I had a great time at Miami Basel
Attended 5 of the 21 fairs- and wish I could have done more- as it was, I left each fair with aching back, aching feet, aching eyes, (not to mention starving and delirious). The Fairs each had a unique flavor and subtle differences that stood out to me.
The first evening just down the beach boardwalk you could walk into an ULTRA environment featuring the architectural and sound installation by Frederico Diaz. It was very 1960’s, lava lamp-ish and all. Fashionable people held cocktails and lounged on Styrofoam carved mounds, or perused the 20 shipping containers converted into art environments. In the containers, I rarely witnessed any artifacts of the consumer strain; it was mostly lone video displays. All the containers seemed from Europe. How did they pay for it? There was one commercial looking display featuring Teresa Margolles’ jewelry of gold bracelets and pendants made from broken glass taken from sites of drug wars. The display cases featured descriptions of the crime scene in Spanish etched on the glass. Most everything else was ephemeral entertainment. At one point the crowd between the containers proceeded to “arm wrestle for art”. A winner won a tar-covered coconut.
Early the next day I walked through Bridge Fair/South Beach, where individual galleries had set up in the bedrooms and bathrooms of a hotel. Even though I was thrilled to be in Miami, surrounded by art and great weather, there were signs of gloom and doom. In the lobby was NJ artist Mary Ellen Scherl’s Mamorial- Life size casts of breasts and bodies from cancer survivors around the world. The work hopes to encourage the focus on a cure. I heard that the Bridge Fair/Wynwood had artist Eric Fabian’s reminder of the current crisis- he had a stack of 1000 one hundred dollar bills that visitors could hold (one visitor at a time). The money was borrowed from the artist’s own credit card. My favorite rooms were hosted by the Brodsky Center for Innovative Editions (Rutgers University), Madelyn Jordon Fine Art (Scarsdale NY) and Gallery Bienvenu (New Orleans).
In the afternoon I rushed over to Nada in Wynwood and rambled through a delightful warehouse building, (great ceilings), called “the ice palace”, trying my best to find a gem or two among the 88 avant-garde dealers and embedded performers.
There were bananas infiltrating the visual dialogue- can anyone tell me what that is about? My favorite art booth featured a video surround display by Marcus Coates- the work was titled Dawn Chorus- humans were “filmed in their natural habitat” and Coates makes them look and sound as though they are songbirds. It’s hilarious and mesmerizing. There were lots of birds used by other artists as imagery through out all the fairs. ALSO lots of paper cutting as a medium.
After Nada, my friends and I ran to Pulse- stopping at Pierogi’s (and Ronald Feldman Fine Art) along the way. That was a pleasant surprise-12,000 square feet filled with art they represent. I loved almost everything I saw- which was a distinctly different feeling from NADA. I wish I had written down some names. Guess I will have to re-visit them at the home base in Brooklyn. Lots of collage work.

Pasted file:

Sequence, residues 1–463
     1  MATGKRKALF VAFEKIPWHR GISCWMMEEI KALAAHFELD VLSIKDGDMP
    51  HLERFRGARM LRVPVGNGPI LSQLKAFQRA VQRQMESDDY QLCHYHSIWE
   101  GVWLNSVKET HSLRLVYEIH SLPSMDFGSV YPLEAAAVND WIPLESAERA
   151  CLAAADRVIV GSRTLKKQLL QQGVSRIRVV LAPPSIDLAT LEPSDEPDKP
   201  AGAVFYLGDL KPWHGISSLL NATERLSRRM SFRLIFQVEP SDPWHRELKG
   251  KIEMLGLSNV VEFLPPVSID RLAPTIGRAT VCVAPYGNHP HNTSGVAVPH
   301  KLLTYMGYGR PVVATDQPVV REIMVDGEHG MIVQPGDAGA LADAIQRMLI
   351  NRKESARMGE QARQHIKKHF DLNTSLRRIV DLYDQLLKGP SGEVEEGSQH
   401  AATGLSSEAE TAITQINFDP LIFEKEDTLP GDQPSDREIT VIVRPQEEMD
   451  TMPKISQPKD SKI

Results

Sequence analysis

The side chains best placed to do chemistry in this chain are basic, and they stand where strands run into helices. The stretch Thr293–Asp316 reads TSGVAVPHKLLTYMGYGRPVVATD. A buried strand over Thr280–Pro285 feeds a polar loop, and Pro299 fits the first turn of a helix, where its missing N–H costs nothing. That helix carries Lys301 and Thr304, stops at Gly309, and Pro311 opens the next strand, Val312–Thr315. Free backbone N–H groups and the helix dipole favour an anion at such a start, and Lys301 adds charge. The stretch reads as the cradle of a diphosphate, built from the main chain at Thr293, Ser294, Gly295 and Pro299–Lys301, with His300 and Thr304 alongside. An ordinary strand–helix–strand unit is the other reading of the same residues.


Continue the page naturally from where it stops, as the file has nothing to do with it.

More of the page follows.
At Pulse we paid personal visits to my Uncle, Charles Cowles and Sally, Jay and Esme at MLG gallery. Nature reined in fantasy form with Spain’s Galleria Horrach Moya’s work of sculptor Jorge Mayet- small trees suspended in space with their roots dangling below the midline clump of turf. They were magical. Hilary Berseth’s Programmed Hives at Eleven Rivington (NYC) were thought provoking and delightfully organic. Kim Keevers large-scale photo of constructed landscape shot underwater in a fish-tank had a ghostly atmosphere at KTFGallery (NYC). One medium missing seemed to be encaustic. Most of the large scale photographs and paintings were covered in a thick glossy laquer.
The next day Miami Basel- the grand beast of fairs, with something like over 300 galleries, lay in wait. Obama’s image was the entry piece I first noticed, and it contrasted with the established tone of some of the galleries.
It took us about 3 and a half hours to circle the perimeter of the fair, an estimated 110 gallery booths. After a brief rest and a willing of the soul, I wove in dazed trance through some of the center galleries before realizing my eyes had gone all bleary and mad. I know there were Alice Neel portraits at several galleries. There was a wall of gouache paper basketballs that would have looked good in my life. There were erased pictures from Germany that I fell in love with, there were slabs of solidified paint I wanted to eat off. There was this giant bell from Antwerp cast in the 1920’s that some artist brought over and signed his name to. There was so much stuff intersected by with corridors packed with people who looked like artworks themselves.
So, now I will give you what I remember of my fantasy shopping list.
For my bedroom, a small portrait with maps and a large burned boat In The Treetops by Raine Bedsole for over the fireplace. (rainebedsole.com)
For outside my kitchen window, a large clothespin composition of three giant standing forms by Gerry Stecca (gerrystecca.com)
For my bathroom- a Ted Larsen minimal and elegant oil on metal painting.
For the kids room- a mini hamster painting by Schroeder Romero and a 3d wall piece of sneakers made out of paintings by Tait Roelofs (@ Lyons Weir Gallery, NYC)
For my office, a Ted Knowles’ UPS drawing, or one of his drawings made by shifting tree branches that have a pen strapped to them.
For my coffee table- a Brian Dettmer Altered Atlas
For the hallway- a currency collage by Mark Wagner- maybe his Hamptons Hedge at Pavel Zoubok Gallery (NYC)